Is there any other Chinese word viewed in quite the same way by the rest of the world? Regardless of precisely what happened on June 4th, 1989, it is generally accepted the PRC have a vested interest in putting a happy face on the gate to the Forbidden City. Ye Daying's fourth film Tiananmen is a propaganda effort, pure and simple - nonetheless the director's undeniable skill and lightness of touch in handling what is a relatively simple premise make it oddly entertaining.
Tiananmen is the third film in Ye Daying's Red Trilogy, following Red Cherry (1995) and A Time to Remember (1998). Set shortly after the end of the Chinese Civil War and the Communist forces' victory, the story centres on a small unit of army engineers and designers entrusted with the responsibility of renovating the great gate at the edge of Tiananmen Square. Based on real events - Mao delivered his speech marking the founding of the PRC from the very same location - the film follows the unit as they struggle to finish the work before the ceremony.
And that's it. There's very little pronounced dramatic conflict here, even for a propaganda piece; none of the horrors of war (Red Cherry), or any attempt at an outsider's perspective (A Time to Remember). Not only is the outcome dead certain but any issues the characters struggle with are kept decidedly low-key.
The affable leader (Pan Yueming) desperately wants to prove himself a worthy party member despite not having seen as much action as the 'real' soldiers. The comic relief nurtures a timid attraction to a pretty street musician (Guo Keyu, Red Cherry, Perfect Bride). The Japanese exile (Noboru Shinoda) - fleeing persecution for protesting against Nipponese military aggression (yes, really) - dreams of seeing his wife and child again.
The only concessions towards a bigger picture beyond the founding of a nation are the plot point which introduces the aged lantern-maker under whom the unit must mentor to have a hope of successfully dressing the gate. This is a nod to all those poor, deluded souls who clung to a China ruled by imperial dynasties, let alone supported the Nationalists, meaning of course the old man gets up to cheer for Mao's vision of a bright new future before the credits roll.
Yet Tiananmen proves surprisingly engrossing for all this. It's resolutely upbeat, with very little glossing over inconvenient historical details and never snide or superior. Everyone throws their weight behind the project with never a word of protest, true, but the script is (relatively) free from victors' justice or the poisonous xenophobia in something like On The Mountain of Taihang. These people feel human, swept up in the moment. They're allowed to bicker and quarrel, even to snipe at or double-deal each other. It makes their touting the party line seem less like sloganeering and more like actual generosity of spirit.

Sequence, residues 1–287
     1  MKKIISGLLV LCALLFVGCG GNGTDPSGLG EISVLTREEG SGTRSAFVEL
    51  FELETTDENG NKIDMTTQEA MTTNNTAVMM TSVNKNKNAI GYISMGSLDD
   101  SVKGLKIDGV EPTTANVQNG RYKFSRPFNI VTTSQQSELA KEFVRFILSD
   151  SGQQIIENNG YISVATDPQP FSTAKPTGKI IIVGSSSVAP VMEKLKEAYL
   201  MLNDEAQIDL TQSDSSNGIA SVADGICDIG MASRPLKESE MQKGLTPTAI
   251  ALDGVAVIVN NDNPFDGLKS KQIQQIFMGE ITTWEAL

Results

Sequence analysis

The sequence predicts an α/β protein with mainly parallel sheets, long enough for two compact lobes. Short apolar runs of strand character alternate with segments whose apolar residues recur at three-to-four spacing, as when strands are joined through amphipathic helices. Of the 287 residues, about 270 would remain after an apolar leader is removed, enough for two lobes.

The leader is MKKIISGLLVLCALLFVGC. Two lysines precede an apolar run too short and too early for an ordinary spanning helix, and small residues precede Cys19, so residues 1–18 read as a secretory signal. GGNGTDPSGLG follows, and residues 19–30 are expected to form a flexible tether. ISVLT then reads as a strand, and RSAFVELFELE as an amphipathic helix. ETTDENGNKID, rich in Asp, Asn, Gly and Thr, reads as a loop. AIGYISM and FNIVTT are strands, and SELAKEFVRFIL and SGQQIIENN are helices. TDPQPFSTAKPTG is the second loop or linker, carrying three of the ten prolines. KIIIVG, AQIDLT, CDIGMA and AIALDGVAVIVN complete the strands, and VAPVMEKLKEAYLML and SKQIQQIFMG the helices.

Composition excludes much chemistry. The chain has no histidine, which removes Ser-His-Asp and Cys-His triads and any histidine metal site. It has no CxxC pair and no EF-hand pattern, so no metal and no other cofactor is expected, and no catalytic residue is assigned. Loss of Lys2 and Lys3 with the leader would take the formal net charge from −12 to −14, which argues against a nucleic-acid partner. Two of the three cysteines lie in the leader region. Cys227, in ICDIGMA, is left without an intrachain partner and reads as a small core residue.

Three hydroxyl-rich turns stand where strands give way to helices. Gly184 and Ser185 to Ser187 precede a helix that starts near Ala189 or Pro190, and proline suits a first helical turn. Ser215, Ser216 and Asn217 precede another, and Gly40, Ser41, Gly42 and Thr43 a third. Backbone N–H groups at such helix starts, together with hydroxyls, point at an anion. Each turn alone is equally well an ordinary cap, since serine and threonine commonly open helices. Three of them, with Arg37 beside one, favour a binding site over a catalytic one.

The film is also startlingly well put together. Obviously propaganda is in large part about presentation but Ye Daying's work here ranks far above Red Cherry, his direction almost effortless, with frequent beautiful camera flourishes and wonderfully composed framing. The filmmakers show uncommon restraint given their subject matter - focusing on the CGI backdrops (think Always, with 1949 Beijing rather than Tokyo) solely at key moments, to laudable effect. Some of it is weak - compositing newsreel footage of Mao into the film doesn't always work - but the final aerial flight around the square before his speech is staggering to watch regardless of the ideology behind it.
But Tiananmen is propaganda and for all the craft behind it, all the tact and subtlety (of sorts), it's still not much of a film. There's lots here to take pleasure in but not much that proves particularly memorable after viewing. Again, there's little to no tension. The cast, for all their effort, aren't much more than two-dimensional, if that. And the coda - a flashforward to the leader as an old man in the present day - leaves something of a sour taste in the mouth, with the audience repeatedly assured everything is fine as the credits roll over a photo-montage of key moments in the plaza's history. Tank Man is conspicuous by his absence.
Nothing like the rabid nationalist screed might expect, Tiananmen is more than watchable, fantastically shot with a cast who do their very best within the limits of the material. Predictably, however, it can't escape the fact it has a message to deliver. The film comes cautiously recommended for the curious, but anyone with no taste for the form is very likely to walk away disappointed.
- Ying Yip
- Wang Bing (screenplay)
- Yip Ying (story)
- Ke-Yu Guo
- Xu Xiao Li
- Bai Lin
- Masanobu Otsuka